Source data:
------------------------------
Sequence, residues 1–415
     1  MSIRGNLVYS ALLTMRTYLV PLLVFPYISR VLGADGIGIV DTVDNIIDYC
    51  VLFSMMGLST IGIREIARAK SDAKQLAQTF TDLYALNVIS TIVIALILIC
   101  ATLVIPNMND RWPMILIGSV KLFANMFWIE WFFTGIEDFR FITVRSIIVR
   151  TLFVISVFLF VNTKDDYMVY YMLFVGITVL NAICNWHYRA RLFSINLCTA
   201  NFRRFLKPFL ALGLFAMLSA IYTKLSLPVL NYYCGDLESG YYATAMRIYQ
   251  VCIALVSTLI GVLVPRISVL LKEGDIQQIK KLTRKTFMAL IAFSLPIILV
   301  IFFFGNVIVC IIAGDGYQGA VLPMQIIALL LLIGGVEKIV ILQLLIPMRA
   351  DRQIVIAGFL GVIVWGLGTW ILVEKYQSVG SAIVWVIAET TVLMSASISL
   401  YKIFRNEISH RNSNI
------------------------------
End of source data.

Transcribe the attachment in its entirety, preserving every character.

Sequence, residues 1–415
     1  MSIRGNLVYS ALLTMRTYLV PLLVFPYISR VLGADGIGIV DTVDNIIDYC
    51  VLFSMMGLST IGIREIARAK SDAKQLAQTF TDLYALNVIS TIVIALILIC
   101  ATLVIPNMND RWPMILIGSV KLFANMFWIE WFFTGIEDFR FITVRSIIVR
   151  TLFVISVFLF VNTKDDYMVY YMLFVGITVL NAICNWHYRA RLFSINLCTA
   201  NFRRFLKPFL ALGLFAMLSA IYTKLSLPVL NYYCGDLESG YYATAMRIYQ
   251  VCIALVSTLI GVLVPRISVL LKEGDIQQIK KLTRKTFMAL IAFSLPIILV
   301  IFFFGNVIVC IIAGDGYQGA VLPMQIIALL LLIGGVEKIV ILQLLIPMRA
   351  DRQIVIAGFL GVIVWGLGTW ILVEKYQSVG SAIVWVIAET TVLMSASISL
   401  YKIFRNEISH RNSNI